House Leaves Patriot Act As Is
The Republican-led House bowed to a White House veto threat Thursday and stood by the USA Patriot Act, defeating an effort to block the part of the anti-terrorism law that helps the government investigate people’s reading habits. The effort to defy Bush and bridle the law’s powers lost by 210-210, with a majority needed to prevail. The amendment appeared on its way to victory as the roll call’s normal 15-minute time limit expired, but GOP leaders kept the vote open for 23 more minutes as they persuaded about 10 Republicans who initially supported the provision to change their votes.
“Shame, shame, shame,” Democrats chanted as the minutes passed and votes were switched. The tactic was reminiscent of last year’s House passage of the Medicare overhaul measure, when GOP leaders held the vote open for an extra three hours until they got the votes they needed. “You win some, and some get stolen,” Rep. C.L. Butch Otter, R-Idaho, a sponsor of the defeated provision and one of Congress’ more conservative members, told a reporter.
Rep. Zach Wamp, R-Tenn., said he switched his initial “yes” vote to “no” after being shown Justice Department documents asserting that terrorists have communicated over the Internet via public library computers. “This new world we live in is going to force us to have some constraints,” Wamp said.
The effort to curb the Patriot Act was pushed by a coalition of Democrats and conservative Republicans. But they fell short in a showdown that came just four months before an election in which the conduct of the fight against terrorism will be on the political agenda. Besides successfully fending off the effort to weaken the law, the veto threat underscored the administration’s determination to strike an aggressive stance on law enforcement and terrorism.
Supporters of the law said the Patriot Act has been a valuable tool in anti-terror efforts. The law, enacted in the weeks after the Sept. 11, 2001, attacks, gave the government stronger powers to conduct investigations and detain people. “I would say, in my judgment, that lives have been saved, terrorists have been disrupted, and our country is safer” because of the act, said Rep. Porter Goss, R-Fla., chairman of the House Intelligence Committee and a man President Bush is considering to be the next director of the Central Intelligence Agency.
Otter and Rep. Bernard Sanders, I-Vt., led the effort to block one section of the law that lets authorities get special court orders requiring book dealers, libraries and others to surrender records such as purchases and Internet sites visited on a library computer. They contended the provision undermines civil liberties and threatens to let the government snoop into the reading habits of innocent Americans. “We are all in that together,” Sanders, one of Congress’ most liberal lawmakers, said of the anti-terror effort. “In the fight against terrorism, we’ve got to keep our eyes on two prizes: the terrorists and the United States Constitution.”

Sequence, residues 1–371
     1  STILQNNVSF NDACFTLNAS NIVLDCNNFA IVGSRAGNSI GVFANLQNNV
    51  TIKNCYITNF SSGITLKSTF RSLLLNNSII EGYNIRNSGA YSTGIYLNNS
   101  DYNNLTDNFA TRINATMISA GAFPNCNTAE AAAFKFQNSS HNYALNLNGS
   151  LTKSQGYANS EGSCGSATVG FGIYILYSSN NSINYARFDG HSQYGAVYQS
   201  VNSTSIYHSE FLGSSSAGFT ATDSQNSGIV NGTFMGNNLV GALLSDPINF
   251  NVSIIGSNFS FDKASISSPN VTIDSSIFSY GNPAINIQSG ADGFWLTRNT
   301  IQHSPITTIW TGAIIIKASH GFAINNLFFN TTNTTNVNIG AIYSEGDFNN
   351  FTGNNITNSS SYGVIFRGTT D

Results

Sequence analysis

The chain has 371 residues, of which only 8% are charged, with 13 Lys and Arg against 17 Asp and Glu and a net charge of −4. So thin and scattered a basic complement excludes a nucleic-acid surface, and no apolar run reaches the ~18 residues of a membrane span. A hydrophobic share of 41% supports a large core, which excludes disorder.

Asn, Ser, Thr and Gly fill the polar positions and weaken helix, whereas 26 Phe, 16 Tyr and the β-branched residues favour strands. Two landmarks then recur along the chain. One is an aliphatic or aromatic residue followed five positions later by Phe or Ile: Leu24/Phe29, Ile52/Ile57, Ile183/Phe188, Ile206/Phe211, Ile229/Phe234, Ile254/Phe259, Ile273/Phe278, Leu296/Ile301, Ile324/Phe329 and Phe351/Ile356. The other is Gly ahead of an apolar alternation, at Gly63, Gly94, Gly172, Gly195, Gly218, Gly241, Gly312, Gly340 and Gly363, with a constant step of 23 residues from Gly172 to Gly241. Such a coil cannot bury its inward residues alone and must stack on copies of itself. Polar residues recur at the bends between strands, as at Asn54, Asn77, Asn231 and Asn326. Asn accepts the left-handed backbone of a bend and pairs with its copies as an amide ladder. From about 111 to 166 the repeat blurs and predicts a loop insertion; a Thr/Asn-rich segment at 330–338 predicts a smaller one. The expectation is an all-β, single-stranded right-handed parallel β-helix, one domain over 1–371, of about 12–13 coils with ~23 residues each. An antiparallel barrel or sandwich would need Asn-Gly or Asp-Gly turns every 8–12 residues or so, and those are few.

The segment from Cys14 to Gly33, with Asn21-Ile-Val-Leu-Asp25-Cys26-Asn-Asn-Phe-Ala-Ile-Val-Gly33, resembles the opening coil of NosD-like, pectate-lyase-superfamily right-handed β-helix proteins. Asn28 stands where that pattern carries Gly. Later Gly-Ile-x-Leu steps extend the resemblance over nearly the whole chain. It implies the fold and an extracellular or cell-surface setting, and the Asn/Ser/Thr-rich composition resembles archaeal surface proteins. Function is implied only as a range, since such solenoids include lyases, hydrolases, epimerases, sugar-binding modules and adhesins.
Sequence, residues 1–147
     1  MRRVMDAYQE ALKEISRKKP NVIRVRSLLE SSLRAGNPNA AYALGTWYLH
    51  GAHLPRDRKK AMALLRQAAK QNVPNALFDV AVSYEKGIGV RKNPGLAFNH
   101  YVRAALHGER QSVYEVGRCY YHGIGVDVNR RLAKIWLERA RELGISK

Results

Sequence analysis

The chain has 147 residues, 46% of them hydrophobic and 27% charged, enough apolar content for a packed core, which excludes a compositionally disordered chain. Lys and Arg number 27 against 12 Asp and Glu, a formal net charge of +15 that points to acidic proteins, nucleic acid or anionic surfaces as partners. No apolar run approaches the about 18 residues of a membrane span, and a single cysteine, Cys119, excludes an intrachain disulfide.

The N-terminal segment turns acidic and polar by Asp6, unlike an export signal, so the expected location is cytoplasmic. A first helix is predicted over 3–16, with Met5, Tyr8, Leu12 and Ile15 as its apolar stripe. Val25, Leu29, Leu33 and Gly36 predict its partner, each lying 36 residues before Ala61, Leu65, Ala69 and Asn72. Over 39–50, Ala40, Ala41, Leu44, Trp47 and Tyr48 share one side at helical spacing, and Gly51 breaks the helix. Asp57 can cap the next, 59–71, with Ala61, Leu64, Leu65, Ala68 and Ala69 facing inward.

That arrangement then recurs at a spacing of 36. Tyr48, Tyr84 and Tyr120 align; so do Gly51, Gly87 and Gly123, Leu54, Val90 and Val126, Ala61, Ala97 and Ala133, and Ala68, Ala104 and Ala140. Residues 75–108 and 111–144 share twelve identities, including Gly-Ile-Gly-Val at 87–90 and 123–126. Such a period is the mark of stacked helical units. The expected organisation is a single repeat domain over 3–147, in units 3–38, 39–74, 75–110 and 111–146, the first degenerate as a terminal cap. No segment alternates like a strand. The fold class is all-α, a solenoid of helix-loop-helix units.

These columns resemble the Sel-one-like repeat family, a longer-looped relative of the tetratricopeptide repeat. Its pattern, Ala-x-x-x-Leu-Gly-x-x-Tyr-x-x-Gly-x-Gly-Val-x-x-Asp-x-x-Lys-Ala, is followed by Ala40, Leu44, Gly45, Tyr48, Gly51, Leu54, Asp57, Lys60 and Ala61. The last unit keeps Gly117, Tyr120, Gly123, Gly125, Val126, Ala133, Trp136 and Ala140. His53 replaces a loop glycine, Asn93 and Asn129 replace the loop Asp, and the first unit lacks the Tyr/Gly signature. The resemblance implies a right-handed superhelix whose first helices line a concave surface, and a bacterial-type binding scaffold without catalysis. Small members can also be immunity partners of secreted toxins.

Rep. Frank Wolf, R-Va., read a letter from the Justice Department stating that “as recently as this past winter and spring, a member of a terrorist group closely affiliated with al-Qaida” had used Internet services at a public library. The letter mentioned no specifics, Wolf said. “If we can stop what took place in my area,” said Wolf, whose district is near the Pentagon, a Sept. 11 target, “then I want to stop that, because we’ve gone to enough funerals.”
Critics of the Patriot Act argued that even without it, investigators can get book store and other records simply by obtaining subpoenas or search warrants. Those traditional investigative tools are harder to get from grand juries or courts than orders issued under the Patriot Act, which do not require authorities to show probable cause. “We don’t want tyranny,” said Rep. Jerrold Nadler, D-N.Y.
According to a list read by a House clerk, lawmakers switching their votes from “yes” to “no” included GOP Reps. Michael Bilirakis of Florida, Rob Bishop of Utah, Tom Davis of Virginia, Jack Kingston of Georgia, Marilyn Musgrave of Colorado, Nick Smith of Michigan, Thomas Tancredo of Colorado, and Wamp. Some Democrats switched from “no” to “yes,” including Robert Bud Cramer of Alabama, Rodney Alexander of Louisiana, and Brad Sherman of California.
While the House, unlike the Senate, traditionally uses hardball tactics to ram bills through that the majority party supports, changing the rules after the fact seems beyond the pale–although I don’t know precisely what the Rules Committee had stipulated.
Zach Wamp was briefly my Congressman (I lived in Chattanooga for 18 months during his Freshman term) and Frank Wolf is my current Congressman; both are quite conservative and their votes don’t surprise me. I’m a bit surprised that Bud Cramer, whose voting record is also quite conservative, was persuaded to vote the other way–it’ll hurt him in Alabama, although he may be sufficiently entrenched as to be bulletproof.
Substantively, I find it hard to get worked up about the specific Patriot Act provisions in dispute here. While I find the declaring of American citizens as “enemy combatants” unconscionable, that’s not at stake here. Giving Federal agents the ability to look at Internet records and whatnot with judicial authority under “reasonable suspicion” rather than “probable cause” doesn’t both me. Those things aren’t particularly intrusive and we already use the lower standard for such things as vehicular searches–which strikes me as much more problematic than looking at library records.